Ground Wire Size Chart

Low voltage systems tend to be ungrounded; nevertheless, if the supply system is grounded, non-current-carrying metal portions of equipment linked with low voltage systems are needed to be grounded.

It can be vital to have a good understanding of the requirements for grounding low voltage systems under NEC regulations before grounding your low-voltage systems.

It is also vital to understand the difference between system and equipment grounding. One conductor from a supply system is purposely connected to the ground to connect to the earth. The other conductors supplied by the system establish a reference to earth.

When equipment is grounded, it is connected to the ground or to a conductive body that extends the connection. Equipment grounding is the process of placing equipment at or near the same potential (voltage) as the earth. The equipment grounding conductor, or another grounding conductor sizing, is a conductive body that extends the ground connection.

It would help if you were sure, you have the right NEC ground wire size no matter what you are grounding. To help here, in our guide, there is more information regarding grounding wire size, and for ease of reference, we have a grounding wire size chart.

Ground Wire Size Chart for Safety

By the end, you can quickly check the ground size chart and make sure your conductor size is sufficient as it won’t cause damage to any overcurrent device that trips your circuit breaker. (Read Light Bulb Socket Sizes Chart)

What Size of Ground Wire Is Needed?

The ground wire is copper in most homes and is #6 (6 AWG) or larger. Therefore, a #4 grounded electrode conductor is required for the 200-amp service.

The following definitions are found in Article 100 of the NEC 2008:

  • The equipment grounding conductor is a conductive path used to connect specific non-current-carrying metal parts of your equipment to the system grounded conductor or your grounding electrode conductor.
  • A grounded conductor is a system or a circuit conductor you have intentionally grounded.
  • Grounding Electrode Conductor is a conductor that connects a grounding electrode or a point on the grounding electrode system to the system grounded conductor or equipment.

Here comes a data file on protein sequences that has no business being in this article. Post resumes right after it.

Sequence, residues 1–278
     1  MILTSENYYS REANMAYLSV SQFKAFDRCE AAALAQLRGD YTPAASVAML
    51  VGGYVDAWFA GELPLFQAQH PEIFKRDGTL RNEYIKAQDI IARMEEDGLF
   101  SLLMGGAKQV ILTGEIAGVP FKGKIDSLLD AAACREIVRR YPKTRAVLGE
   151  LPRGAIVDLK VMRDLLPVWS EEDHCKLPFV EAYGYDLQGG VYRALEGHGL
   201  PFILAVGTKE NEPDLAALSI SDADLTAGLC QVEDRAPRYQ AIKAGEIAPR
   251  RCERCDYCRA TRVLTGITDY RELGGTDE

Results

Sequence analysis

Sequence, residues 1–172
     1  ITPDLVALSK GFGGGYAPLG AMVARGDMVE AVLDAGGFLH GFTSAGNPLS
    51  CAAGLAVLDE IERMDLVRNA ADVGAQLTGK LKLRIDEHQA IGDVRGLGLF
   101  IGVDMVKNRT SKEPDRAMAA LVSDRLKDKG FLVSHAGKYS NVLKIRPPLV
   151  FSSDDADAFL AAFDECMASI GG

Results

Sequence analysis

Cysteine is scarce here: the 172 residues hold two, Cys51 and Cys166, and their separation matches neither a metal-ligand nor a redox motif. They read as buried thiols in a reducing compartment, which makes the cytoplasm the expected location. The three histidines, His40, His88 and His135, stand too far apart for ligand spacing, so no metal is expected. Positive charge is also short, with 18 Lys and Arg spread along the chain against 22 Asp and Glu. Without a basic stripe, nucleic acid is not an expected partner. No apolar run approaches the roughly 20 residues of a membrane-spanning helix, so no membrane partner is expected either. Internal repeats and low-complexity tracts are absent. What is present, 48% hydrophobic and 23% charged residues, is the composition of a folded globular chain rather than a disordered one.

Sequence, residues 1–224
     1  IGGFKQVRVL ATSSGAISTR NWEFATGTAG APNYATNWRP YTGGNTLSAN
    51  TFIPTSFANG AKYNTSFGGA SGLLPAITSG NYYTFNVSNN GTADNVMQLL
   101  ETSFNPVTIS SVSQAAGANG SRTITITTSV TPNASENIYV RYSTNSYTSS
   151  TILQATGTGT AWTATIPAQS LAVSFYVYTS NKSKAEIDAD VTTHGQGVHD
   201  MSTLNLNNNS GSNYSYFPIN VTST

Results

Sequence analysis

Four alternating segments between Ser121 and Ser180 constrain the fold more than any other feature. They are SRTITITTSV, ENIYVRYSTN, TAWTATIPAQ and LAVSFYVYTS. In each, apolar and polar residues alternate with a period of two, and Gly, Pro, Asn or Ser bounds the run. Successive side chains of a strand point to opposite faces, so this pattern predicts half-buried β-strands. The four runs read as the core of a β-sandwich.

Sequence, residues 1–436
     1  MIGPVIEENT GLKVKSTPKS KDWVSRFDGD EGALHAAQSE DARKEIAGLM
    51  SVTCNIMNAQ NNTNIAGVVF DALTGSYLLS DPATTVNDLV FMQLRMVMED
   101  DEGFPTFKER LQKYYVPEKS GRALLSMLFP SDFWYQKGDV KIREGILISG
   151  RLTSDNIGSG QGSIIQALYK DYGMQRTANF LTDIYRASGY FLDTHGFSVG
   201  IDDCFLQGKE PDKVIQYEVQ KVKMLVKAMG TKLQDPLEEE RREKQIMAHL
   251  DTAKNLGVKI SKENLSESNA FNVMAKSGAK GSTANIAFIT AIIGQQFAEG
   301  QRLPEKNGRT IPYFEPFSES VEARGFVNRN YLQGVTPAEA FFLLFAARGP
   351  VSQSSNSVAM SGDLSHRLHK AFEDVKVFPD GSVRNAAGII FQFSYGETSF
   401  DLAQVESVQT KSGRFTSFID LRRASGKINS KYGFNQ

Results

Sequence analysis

• Grounding Electrode will be a conducting object where a direct connection to earth is made.

The Code goes into great length about grounding because it is such a vital topic that, if done incorrectly, can cause problems in both low and high-voltage circuits.

Here you can see the NEC grounding recommendations for low-voltage systems. Again, 50 volts will be the threshold because that’s the level used in the Code.

Section 250.20 of NEC contains regulations on grounding systems at less than 50 volts (A) and the three conditions you need to meet for systems.

  1. When supplied by a transformer with a primary voltage higher than 150 volts, systems with less than 50 volts must be grounded.
  2. If the primary side of the transformer is not grounded, systems with less than 50 volts must be grounded when they are fed by a transformer.
  3. Systems with less than 50 volts must also be grounded if they feed conductors run outside as overhead conductors.

The NEC additionally specifies which low-voltage systems are not to be grounded. For example, low-voltage lighting systems are covered, as are transformer-supplied secondary circuits for these lighting systems. Low voltage landscape lighting systems and others are examples.

What is the definition of a grounded system? In a grounded system, one conductor is purposely grounded. There is no intentionally grounded conductor supplied by the system that you connect or ground to earth).

The definitions of the terms ground, grounded, or grounding are:

“Ground. The earth.”

Being grounded (Grounding) is something connected to the ground directly or using a conductive body extending the ground connection.

The grounding criteria for specific fixed equipment are provided in certain sections of the NEC. Regardless of the voltage, the listed equipment must be grounded or linked to an equipment grounding conductor.

To put it another way, if the equipment, such as conduits, boxes, and devices, is placed for an ungrounded system, the equipment grounding criteria do not apply. (Read Allen Wrench Sizes Chart)